Anything But Sweet (Sweet, Texas)

Image of Anything But Sweet (Sweet, Texas, 1)
Release Date: 
June 24, 2013
Reviewed by: 

“Anything But Sweet draws the reader into the fantasy of a small town where people view each other’s quirks and foibles with affection, . . .”

The small town of Sweet, Texas, needs a facelift, and Charlotte “Charli” Brooks, host of the television reality show My New Town, is invited to do the job by the local senior citizens.

Although most of the residents welcome her with open arms, there are a few who resist any change to their hometown—and therein lies the conflict. What makes Anything But Sweet a delightfully enjoyable read is the charm of its characters, both main and secondary. They are warm, living people with emotional depths and believable histories.

While Charli has the looks of a television star, at heart she’s a military brat: practical, resilient, and not afraid to get her hands dirty with genuine hard work. To work within the television show’s meager budget, she puts plenty of sweat equity into the makeovers.

The quirky town of Sweet appeals to some deep sense of what she thinks home should be and she works doubly hard to make this makeover stellar, starting with the senior citizens’ center. The success of the project and her warm personality win over virtually everyone in town.

Except Reno Wilder. The adopted son of a prominent ranch family, he has lost too many people he loved and chooses to stay firmly entrenched in the past as way to keep their memories alive. That includes the Wilders’ hardware store where Reno spent many happy hours with his now-dead adoptive father. When Charli decides the dusty, dated Wilder and Sons Hardware and Feed needs renovating, Reno refuses in no uncertain terms.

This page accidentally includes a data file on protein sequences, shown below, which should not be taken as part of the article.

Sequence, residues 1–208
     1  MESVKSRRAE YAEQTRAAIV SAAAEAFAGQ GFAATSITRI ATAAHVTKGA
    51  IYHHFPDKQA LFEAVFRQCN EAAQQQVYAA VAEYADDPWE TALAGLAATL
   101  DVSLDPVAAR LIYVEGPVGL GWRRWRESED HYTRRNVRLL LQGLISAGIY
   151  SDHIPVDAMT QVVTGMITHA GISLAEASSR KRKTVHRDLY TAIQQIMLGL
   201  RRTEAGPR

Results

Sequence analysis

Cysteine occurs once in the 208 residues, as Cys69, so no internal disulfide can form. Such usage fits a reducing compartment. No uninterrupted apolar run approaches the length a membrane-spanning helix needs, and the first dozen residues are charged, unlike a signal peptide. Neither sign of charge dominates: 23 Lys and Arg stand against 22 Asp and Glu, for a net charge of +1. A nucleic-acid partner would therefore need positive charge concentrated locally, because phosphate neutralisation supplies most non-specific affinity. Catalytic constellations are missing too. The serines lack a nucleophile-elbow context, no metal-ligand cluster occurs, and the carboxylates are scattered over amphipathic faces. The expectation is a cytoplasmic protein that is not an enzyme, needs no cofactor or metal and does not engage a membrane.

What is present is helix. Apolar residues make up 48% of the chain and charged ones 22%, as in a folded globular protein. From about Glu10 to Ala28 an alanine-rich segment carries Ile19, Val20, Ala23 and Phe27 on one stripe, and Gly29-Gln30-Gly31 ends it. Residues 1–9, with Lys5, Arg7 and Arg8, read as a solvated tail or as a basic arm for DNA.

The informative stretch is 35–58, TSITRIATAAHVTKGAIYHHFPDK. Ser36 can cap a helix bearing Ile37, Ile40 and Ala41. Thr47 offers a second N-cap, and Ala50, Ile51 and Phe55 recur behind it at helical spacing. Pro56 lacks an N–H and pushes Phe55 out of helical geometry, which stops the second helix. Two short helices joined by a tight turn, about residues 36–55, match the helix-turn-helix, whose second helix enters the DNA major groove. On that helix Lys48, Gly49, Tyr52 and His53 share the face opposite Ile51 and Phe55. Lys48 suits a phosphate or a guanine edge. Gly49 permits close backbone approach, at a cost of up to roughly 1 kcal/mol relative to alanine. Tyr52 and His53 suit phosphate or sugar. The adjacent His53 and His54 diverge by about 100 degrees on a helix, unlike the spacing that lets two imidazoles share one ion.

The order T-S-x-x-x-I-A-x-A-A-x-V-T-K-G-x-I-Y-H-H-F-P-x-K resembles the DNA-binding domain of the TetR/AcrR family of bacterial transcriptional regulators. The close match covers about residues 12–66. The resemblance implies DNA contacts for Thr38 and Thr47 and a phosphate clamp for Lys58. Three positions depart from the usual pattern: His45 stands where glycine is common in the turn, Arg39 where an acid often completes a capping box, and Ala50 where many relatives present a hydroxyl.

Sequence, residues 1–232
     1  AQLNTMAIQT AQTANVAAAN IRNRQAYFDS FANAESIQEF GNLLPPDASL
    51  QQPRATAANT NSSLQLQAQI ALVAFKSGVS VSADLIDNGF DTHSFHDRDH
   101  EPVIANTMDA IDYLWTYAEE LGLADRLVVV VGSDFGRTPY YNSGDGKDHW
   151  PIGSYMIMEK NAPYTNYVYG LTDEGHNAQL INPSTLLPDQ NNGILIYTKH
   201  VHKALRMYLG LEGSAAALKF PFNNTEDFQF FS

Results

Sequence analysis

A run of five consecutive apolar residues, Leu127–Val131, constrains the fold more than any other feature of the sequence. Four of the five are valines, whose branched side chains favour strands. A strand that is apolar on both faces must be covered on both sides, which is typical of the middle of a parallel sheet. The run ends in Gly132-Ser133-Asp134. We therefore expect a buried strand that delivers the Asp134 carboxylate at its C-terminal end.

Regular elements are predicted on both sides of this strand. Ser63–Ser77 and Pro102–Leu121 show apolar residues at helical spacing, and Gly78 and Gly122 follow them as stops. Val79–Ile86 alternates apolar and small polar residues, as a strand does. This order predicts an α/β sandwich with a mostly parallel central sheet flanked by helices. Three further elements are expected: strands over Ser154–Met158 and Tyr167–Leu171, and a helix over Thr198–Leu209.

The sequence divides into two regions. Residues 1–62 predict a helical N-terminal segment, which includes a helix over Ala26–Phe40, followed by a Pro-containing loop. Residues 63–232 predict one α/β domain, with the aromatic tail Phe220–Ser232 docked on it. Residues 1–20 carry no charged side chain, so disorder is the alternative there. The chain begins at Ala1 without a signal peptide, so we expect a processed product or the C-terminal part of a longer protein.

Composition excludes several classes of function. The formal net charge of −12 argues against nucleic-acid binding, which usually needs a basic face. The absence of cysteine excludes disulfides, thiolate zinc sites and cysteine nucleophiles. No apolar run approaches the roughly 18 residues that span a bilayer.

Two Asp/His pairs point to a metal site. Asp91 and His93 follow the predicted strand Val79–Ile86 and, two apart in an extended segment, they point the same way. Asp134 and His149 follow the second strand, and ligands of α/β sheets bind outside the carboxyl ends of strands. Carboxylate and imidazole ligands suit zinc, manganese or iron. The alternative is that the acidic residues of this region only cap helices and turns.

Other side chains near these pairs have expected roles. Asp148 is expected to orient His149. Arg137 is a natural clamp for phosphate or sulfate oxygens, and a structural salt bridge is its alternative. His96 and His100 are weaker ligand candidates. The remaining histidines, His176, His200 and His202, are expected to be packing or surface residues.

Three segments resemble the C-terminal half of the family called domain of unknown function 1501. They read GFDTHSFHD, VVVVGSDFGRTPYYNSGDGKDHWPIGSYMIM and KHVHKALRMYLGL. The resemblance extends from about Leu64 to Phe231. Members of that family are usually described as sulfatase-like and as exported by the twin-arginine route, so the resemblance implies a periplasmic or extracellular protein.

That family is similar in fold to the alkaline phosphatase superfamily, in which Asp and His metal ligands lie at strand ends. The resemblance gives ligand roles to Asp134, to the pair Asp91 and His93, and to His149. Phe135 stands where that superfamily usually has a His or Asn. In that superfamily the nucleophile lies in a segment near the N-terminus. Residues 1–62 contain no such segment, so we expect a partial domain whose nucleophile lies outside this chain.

What starts out as a battle of wills soon becomes a losing struggle to resist the overwhelming attraction Charli and Reno feel for each other. Charli is recovering from a bad relationship so she has imposed a “man ban” on herself, while Reno is still mourning his wife’s death in an automobile accident.

But Charli soon comes to understand the pain that causes Reno’s gruffness, and Reno finds himself revealing more about his past to Charli than he’s ever told anyone else.

Reno is one smokin’ cowboy—and ex-Marine—with a gorgeous pair of dimples that will melt the reader’s heart much as they do Charli’s. His interactions with his strong willed and very Texan mother are pitch perfect, while the abuse he and his equally sexy brothers dish out to each other will leave you laughing.

Charli has a warmth and sassiness that are irresistible. Her strength comes from living with her less-than-loving father, General Thomas Brooks, known as the meanest SOB in the Marines. Her mother died when she was young, so Charli learned to be tough and independent, making her the perfect person to penetrate the hard shell Reno has built around himself.

Ms. Terry has created a strong set of secondary characters in the Wilder family. The matriarch Jana, with her big blond hair and silly pet goat, guides her strong, grownup sons with both love and an occasional kick in the seat of the pants, even as she mourns the death of her beloved husband.

Reno’s adoptive brothers are sexy, interesting men with intriguing back stories, and one hopes the brothers will each have their own books. The affection among the Wilders is palpable; it’s no wonder the rootless Charli wants to join the family.

Anything But Sweet draws the reader into the fantasy of a small town where people view each other’s quirks and foibles with affection, where folks understand and sympathize with how a man’s past affects his present, and where the inhabitants all pitch in to make things come out right. It’s a fantasy as seductive as the love story between Charli and Reno, and Ms. Terry brings it to lively, glowing life.